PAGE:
While fuel prices across the country are higher than ever, Nunavummiut are still paying some of the lowest prices in Canada – but that might not last long.

In Nunavut, the government buys fuel in bulk and stores it for year-round use. Fuel prices do not fluctuate with the market. Instead, prices are set based on what the government pays at the time of purchase. This means that right now, Nunavummiut are buying fuel purchased at last year’s price and not seeing the price increases elsewhere in the country.

The territory has already purchased about 71% of the fuel for next year’s resupply, but the remaining 29% still needs to be purchased.

David Joanasie, the minister for community and government services, said his department was watching the market to see when it was best to buy next.

Community and Government Services Minister David Joanasie says the territory is monitoring global fuel prices as it plans to buy the remaining 29% of the territory’s fuel for next year. (Matisse Harvey/Radio Canada)

“Global crude oil prices fluctuated significantly higher than in previous years,” Joanasie said. “So we have to be aware of what’s happening in the world and the impact on supply chains.”

He said he couldn’t say when the next purchase will be, but in a volatile market, he said forecasts suggest there will likely be another increase in fuel prices in the territory. However, Joanasie could not specify when.

“It all depends on when we buy and how much,” he said.

The territory already raised prices by eight cents a liter in February, in part to help balance the stabilization fund, which is supposed to adjust to market fluctuations and help stabilize retail fuel prices.

The federal carbon tax is also set to take effect on Friday, which will raise the prices of some petroleum products, including gasoline and diesel, by about one cent per liter, Joanasie added.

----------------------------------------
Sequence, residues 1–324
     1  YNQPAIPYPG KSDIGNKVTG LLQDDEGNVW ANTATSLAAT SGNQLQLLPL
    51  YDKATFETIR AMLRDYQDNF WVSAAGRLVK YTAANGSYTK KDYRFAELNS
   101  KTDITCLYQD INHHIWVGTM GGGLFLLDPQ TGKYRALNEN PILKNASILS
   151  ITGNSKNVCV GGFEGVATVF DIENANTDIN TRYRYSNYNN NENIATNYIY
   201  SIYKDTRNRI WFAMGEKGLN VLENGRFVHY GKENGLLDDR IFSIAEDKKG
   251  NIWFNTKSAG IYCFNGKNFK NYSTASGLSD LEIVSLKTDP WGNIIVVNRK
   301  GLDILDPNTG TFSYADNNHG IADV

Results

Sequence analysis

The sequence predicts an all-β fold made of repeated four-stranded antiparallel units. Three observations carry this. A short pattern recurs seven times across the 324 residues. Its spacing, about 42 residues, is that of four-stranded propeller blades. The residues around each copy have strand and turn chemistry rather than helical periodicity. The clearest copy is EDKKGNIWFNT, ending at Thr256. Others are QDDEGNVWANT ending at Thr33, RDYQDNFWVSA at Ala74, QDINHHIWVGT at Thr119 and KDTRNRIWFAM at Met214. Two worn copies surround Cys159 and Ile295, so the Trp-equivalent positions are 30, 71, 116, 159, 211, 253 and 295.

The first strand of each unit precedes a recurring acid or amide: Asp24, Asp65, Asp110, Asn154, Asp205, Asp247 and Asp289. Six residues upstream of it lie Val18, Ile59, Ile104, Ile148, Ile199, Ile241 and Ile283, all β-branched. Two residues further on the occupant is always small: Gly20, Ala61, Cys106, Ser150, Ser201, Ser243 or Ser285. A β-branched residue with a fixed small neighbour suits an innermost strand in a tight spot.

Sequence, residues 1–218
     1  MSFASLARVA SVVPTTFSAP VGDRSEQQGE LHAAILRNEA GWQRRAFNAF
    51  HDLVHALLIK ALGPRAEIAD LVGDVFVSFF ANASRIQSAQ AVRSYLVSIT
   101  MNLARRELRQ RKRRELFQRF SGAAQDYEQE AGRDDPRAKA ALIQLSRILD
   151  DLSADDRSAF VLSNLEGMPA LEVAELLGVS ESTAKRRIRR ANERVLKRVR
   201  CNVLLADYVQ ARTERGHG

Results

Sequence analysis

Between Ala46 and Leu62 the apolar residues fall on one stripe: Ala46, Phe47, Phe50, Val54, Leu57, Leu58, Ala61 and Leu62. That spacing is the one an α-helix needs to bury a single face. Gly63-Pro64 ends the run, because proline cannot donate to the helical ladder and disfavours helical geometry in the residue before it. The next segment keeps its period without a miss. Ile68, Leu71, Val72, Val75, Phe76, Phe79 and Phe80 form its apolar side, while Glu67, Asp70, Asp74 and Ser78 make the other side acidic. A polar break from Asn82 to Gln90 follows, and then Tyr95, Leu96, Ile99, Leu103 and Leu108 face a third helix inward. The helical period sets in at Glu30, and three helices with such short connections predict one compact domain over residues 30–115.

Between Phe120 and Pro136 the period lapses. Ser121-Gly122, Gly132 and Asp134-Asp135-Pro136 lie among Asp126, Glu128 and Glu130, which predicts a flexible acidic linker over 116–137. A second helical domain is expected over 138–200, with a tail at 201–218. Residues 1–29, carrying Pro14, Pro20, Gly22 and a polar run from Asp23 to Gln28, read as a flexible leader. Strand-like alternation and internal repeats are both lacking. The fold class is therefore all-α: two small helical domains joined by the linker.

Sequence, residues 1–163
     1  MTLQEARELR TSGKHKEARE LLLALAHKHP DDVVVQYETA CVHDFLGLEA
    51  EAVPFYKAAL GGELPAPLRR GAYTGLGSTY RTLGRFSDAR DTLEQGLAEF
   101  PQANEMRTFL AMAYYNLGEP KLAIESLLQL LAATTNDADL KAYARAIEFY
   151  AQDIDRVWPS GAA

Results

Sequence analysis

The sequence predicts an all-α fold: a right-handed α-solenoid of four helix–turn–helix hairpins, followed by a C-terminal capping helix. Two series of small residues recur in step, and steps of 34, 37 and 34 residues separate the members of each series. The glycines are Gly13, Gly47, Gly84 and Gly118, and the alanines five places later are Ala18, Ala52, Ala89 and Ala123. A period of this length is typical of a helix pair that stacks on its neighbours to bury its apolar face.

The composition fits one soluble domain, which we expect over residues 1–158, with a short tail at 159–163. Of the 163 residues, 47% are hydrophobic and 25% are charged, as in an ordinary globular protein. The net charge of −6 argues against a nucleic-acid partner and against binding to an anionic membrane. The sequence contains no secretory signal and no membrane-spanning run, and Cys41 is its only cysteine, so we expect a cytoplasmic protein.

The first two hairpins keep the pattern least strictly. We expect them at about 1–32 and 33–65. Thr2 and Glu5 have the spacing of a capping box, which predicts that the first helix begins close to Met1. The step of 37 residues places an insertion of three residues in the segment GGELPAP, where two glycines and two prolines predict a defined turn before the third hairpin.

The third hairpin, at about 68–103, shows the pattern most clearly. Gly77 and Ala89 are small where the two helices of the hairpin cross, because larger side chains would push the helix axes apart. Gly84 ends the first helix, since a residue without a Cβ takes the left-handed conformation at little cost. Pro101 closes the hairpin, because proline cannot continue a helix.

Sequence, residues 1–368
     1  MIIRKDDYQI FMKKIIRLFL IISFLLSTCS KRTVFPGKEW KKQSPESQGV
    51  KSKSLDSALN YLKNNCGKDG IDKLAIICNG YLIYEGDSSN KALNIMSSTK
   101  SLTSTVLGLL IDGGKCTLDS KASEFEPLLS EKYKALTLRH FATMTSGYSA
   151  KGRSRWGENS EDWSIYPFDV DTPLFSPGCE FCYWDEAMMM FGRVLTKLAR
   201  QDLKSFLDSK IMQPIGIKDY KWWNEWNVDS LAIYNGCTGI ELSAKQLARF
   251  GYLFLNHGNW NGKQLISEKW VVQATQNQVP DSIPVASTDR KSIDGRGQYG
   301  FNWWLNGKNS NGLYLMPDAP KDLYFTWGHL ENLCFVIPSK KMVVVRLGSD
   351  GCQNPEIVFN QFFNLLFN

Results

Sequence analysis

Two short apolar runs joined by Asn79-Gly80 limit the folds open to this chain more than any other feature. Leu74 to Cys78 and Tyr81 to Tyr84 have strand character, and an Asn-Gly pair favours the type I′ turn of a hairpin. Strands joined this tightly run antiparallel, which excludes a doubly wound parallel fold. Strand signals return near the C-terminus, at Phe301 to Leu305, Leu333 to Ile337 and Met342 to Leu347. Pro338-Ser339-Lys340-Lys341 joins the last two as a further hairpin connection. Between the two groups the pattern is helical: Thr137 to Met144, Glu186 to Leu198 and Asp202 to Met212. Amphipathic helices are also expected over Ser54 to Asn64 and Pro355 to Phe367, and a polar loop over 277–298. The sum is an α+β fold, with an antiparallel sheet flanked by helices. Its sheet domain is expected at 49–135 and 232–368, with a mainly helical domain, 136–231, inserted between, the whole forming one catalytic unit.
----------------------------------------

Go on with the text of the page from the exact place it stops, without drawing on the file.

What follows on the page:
Ex-Finance Minister Says Cap Didn’t Increase 2 Years Ago ‘Unfortunate’

The territory’s former finance minister, Iqaluit-Tasiluk MPP George Hickes, says the territory should consider options that could allow it to take advantage of fuel prices when the market is favourable.

His argument stems from a plan he presented to the legislature two years ago that proposed to increase the territory’s fuel spending by $100 million.

George Hickes, MPP for Iqaluit-Tasiluk, says amid high global fuel prices, the territory would be wise to raise the cap on how much it can spend on bulk fuel purchases. (Beth Brown/CBC)

Nunavut’s fuel purchase budget is capped at $250 million. Hickes said if that cap had been lifted when he suggested in the fall of 2020 — when prices were low — the territory might not have faced the current price increases.

“I just find it a shame that we didn’t have the opportunity to take advantage of the prices at that time. But again, the benefit of hindsight,” he said.

Hickes thinks the territory should always consider a plan to help it take advantage of fuel prices if or when prices drop.

“What we can do today is make sure that if the government is put in a position where it can leverage global markets in a positive way, we should give it the tools to do that,” he said. -he declares.

“I encourage all departments to look at ways to leverage buying power or, in the case of petroleum products, to be able to consider buying futures contracts when the market is appropriate to do such things.”